The beast of environmental disaster can only be tamed through education. Children will develop their own relationship with mother nature, as so long as they are taught and exposed to the elements in nature. Taking them to a park often, if you don’t have a backyard, is a very good way to awaken in them the desire to protect, and an appreciation for  their delicate world. Let them run, roll in the dirt, and pick some flowers. Strike conversations with children that will spark their interest on the little critters crawling or flying by. Let them know the very important roles  these creatures play in the chain of life.  Read books with them that emphasize the variety of species in the animal and flora kingdoms, and the varied geological features of the planet.  Teach them to be respectful, and considerate of all creatures and their natural habitats. If there is a pond nearby, stop by at times, and point out the way in which natural sources of water are becoming significantly dirtier because of the problem of pollution. Ask open-ended questions that will make them ponder. Even walking through a city block, we can pause to observe the plight of a dandelion pushing its way through a crack on a sidewalk. Seemingly insignificant events like these can serve as eye-openers, and as opportunities to talk to children about the dire effects of urbanization, and deforestation.

These topics will not scare your children as much as it will help them think of ways to contribute to the conservation of the planet in the near future. Children are very imaginative, and their creativity can often spark up ideas that may impress even the most insightful adult. Remember, if your child is only  five or six years old, it will only be about ten or eleven more years before your child can leave his own footprint, and contribute significantly to  the well-being of the planet, perhaps by becoming a volunteer in a wildlife refuge, or an advocate for nature conservancy. We can also help our children to be scientifically inclined,.  Doing simple science experiments together can help sharpen their critical thinking skills.. A simple experiment like dipping a chalk in a cup of water, while dipping another in vinegar, is a great way to help children visualize the detrimental effects of acid rain on forest trees.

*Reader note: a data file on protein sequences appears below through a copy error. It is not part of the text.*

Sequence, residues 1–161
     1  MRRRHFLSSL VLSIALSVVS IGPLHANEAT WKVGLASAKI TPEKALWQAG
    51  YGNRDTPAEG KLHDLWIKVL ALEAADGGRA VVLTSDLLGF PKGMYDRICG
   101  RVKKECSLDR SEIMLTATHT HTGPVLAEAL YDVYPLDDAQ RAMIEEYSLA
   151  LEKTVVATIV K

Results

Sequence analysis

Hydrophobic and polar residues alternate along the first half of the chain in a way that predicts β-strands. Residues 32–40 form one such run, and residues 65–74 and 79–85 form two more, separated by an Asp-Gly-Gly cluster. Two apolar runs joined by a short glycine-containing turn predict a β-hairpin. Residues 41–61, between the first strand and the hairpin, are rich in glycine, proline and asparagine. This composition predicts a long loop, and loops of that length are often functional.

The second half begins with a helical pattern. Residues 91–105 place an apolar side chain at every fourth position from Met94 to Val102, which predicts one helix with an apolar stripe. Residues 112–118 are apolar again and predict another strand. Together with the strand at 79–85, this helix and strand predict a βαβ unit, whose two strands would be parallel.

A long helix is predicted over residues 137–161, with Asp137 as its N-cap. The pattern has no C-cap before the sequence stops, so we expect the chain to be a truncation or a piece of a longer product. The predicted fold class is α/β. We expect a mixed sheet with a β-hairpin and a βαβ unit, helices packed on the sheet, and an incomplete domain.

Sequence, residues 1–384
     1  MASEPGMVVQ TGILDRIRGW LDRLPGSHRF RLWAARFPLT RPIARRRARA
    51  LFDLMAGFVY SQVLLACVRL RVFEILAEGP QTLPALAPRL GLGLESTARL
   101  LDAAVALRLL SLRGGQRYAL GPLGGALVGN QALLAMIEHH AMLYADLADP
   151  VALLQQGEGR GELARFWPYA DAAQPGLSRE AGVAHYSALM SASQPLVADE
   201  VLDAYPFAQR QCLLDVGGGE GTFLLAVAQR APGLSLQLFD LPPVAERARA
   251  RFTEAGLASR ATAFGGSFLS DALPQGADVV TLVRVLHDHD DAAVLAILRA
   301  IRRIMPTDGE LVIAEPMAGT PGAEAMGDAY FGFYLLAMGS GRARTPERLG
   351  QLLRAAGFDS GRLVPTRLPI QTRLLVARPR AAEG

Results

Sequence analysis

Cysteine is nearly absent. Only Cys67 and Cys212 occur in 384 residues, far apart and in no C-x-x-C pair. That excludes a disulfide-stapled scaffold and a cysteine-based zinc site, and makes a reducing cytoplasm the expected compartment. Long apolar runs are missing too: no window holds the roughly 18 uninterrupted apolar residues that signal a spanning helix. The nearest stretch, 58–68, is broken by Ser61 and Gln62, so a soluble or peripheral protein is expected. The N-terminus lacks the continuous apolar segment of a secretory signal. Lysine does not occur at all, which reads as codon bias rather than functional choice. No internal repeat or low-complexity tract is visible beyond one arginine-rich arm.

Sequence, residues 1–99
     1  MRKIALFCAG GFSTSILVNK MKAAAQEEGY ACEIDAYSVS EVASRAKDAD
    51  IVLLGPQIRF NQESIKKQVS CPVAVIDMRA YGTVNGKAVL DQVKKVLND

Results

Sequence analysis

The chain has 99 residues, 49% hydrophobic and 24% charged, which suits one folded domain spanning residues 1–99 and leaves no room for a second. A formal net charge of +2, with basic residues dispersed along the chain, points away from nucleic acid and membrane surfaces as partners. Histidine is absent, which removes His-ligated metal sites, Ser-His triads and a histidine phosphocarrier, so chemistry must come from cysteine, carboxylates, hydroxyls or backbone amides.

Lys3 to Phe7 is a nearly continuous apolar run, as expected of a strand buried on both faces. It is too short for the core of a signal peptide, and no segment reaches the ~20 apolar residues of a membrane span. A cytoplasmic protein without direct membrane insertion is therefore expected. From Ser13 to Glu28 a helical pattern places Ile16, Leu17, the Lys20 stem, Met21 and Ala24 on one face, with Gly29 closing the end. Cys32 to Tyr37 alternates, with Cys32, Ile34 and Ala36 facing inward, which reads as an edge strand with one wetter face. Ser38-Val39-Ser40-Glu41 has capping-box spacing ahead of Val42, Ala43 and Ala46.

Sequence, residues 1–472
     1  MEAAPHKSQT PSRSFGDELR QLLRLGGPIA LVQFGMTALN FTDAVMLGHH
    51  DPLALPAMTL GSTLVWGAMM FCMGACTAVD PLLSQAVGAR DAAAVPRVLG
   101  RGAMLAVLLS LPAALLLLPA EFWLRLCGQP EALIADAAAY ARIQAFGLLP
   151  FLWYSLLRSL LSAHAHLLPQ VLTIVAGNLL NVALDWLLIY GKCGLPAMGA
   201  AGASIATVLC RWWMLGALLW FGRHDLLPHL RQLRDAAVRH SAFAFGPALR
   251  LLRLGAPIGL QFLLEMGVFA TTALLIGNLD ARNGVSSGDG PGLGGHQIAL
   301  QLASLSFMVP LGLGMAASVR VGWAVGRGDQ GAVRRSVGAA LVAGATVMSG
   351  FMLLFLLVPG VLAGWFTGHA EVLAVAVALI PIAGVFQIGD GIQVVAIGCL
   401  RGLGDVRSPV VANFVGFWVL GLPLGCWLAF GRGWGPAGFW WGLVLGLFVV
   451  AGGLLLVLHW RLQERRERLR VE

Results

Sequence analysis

There is no doubt that our children will be inheriting an earth very different from the one we know. Thomas Berry, author of the  book The Dream of the Earth (Sierra Club Books, 1988),  put it this way: “We might summarize our present human situation by the simple statement: that in the 20th century, the glory of the human has become the desolation of the Earth and now the desolation of the Earth is becoming the destiny of the human. The time to inculcate love for mother earth is today. Scientist are weary of what the future holds, and feel that even tomorrow may be too late to reverse all the damage of these last two centuries. A native American proverb says, “we do not inherit the Earth from our ancestors, we borrow it from our children.”  One of the best ways to teach our children that we genuinely care for their future, is by inculcating in them today, a deep love and respect for nature.

 

Monique Rodriguez is a childcare specialist, and author of the book  Making Sense of Children’s Senses. You can contact her at: littleeinsteins4learning@gmail.com